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LPs look beyond performance

The stingy fundraising environment requires firms to bring something more to the table than just great performance, according to speakers at Private Equity International’s annual CFOs & COOs Forum in New York.

A consistent record of great performance might not be enough to earn a fund commitment in today’s fundraising environment.

When multiple firms with similar, strong track records vie for the same sources of capital, they need to work just a bit harder to earn commitments.

The problem is – LPs are paring down the number of relationships in their portfolios, and many of them don’t have as much capital for private equity as they did in the past – so they don’t have the inclination they may once have had to simply commit to multiple managers with strong performance.

Instead, they will choose one, and when drilling down beyond performance, LPs are looking for other reasons to pick one manager over another. This dynamic has made strong transparency, reporting and communication practices more important than ever, according to delegates at Private Equity International’s annual CFOs & COOs Forum in New York Thursday.

“It’s not all about returns anymore, it’s about the entire package and LPs have so many choices today that they have the ability to think about the whole package and not just, ‘I’m top quartile’,” said Erik Hirsch, chief investment officer at consultancy Hamilton Lane, who spoke at the conference.

Unless you have the single greatest performance in your market segment, there are other factors people are grading you on and back office and transparency are going to become more of a factor. 

Erik Hirsch

Hamilton Lane has data on funds that are not uniformly available to the industry, which gives the firm a perspective on comparative performances across the board.

“Unless you have the single greatest performance in your market segment, there are other factors people are grading you on and back office and transparency are going to become more of a factor,” Hirsch said.

LPs also have a hard time accurately measuring performance, Hirsch said. “We’re in an industry where the benchmarks suck. LPs can’t distill the information uniformly or consistently to tell who is best of breed, it’s almost impossible. Every firm is top quartile.”

If there were a universal benchmark, “we could rifle through and fire a bunch of people and not re-up with them”, he said. Instead, every firm “tells everybody they’re terrific and people have no idea if they’re not. If you’re a good fund and you have good returns, there are a lot of you out there with good funds and good returns, so it’s a tie breaker.”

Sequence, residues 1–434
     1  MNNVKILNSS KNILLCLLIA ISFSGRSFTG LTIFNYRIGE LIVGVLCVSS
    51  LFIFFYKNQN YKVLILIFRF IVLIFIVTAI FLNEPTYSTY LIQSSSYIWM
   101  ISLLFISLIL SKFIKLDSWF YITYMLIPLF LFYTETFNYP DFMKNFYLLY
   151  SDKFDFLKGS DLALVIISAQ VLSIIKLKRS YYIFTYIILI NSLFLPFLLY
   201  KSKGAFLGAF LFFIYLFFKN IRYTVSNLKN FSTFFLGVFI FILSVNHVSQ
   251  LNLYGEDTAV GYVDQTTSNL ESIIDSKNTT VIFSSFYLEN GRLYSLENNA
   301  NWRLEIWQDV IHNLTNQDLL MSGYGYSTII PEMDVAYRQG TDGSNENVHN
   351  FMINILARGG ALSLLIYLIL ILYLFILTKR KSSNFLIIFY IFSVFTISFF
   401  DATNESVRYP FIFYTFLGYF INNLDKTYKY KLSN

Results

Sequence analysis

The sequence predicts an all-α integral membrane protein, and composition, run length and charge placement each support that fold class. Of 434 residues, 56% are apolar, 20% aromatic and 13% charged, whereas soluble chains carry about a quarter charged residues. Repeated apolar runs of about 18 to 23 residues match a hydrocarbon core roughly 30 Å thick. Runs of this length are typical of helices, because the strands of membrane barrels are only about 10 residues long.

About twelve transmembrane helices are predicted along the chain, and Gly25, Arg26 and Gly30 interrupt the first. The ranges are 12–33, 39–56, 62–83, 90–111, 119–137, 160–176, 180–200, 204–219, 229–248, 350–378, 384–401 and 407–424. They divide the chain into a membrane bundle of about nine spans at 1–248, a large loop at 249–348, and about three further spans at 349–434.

The little extra factor that could mean the difference between a commitment or not could involve standardising reporting.

For example, the California Public Employees’ Retirement System. CalPERS is focused on controlling the cost of private equity. The pension’s Alternative Investment Management Program represents about 14 percent of the total $230 billion portfolio, but about 60 percent of the costs, according to Janine Guillot, chief operating officer at CalPERS. Part of that cost is dedicating resources to monitor and manage the portfolio, which includes 350 funds and 140 GP relationships, she said.

CalPERS would like private market manager reporting to be more like the public markets, where the process of getting information to investors is “highly standardised, highly automated”, Guillot said. The private markets “are still in the dark ages in terms of shipping around this information”.

Public market investment firms such as hedge funds generally use fund administration firms to handle their reporting requirements, companies that invest in the “technology, standardisation and scale”, she said.

“This industry has a lot to learn from the public side,” Guillot said. “I’m a fan of outsourcing in any place where you

I'm a fan of outsourcing in any place where you need scale and technology and standardisation, which is desperately what we need in private equity.

Janine Guillot

need scale and technology and standardisation, which is desperately what we need in private equity.”

The ability for firms to differentiate is imperative in the fundraising market, which is just as crowded, if not more so, than last year, delegates at the conference said.

For LPs, the “math” is going to be hard to do, according one LP who spoke on a panel at the conference.

“[We have] a huge number of re-ups. Add to that specific GPs we have under consideration as new relationships – say 15 or 20 – and it becomes pretty interesting math trying to bring them all in, or we’re going to have to think hard about not re-upping or having to pass on some people,” the LP said.

The LP said the institution is looking for something beyond all the usual factors like great performance, stable investment team and consistent strategy. 

“We’re looking for that angle that will allow the GP to do the magic they do, whether it’s sector, knowledge, sourcing capability,” the LP said.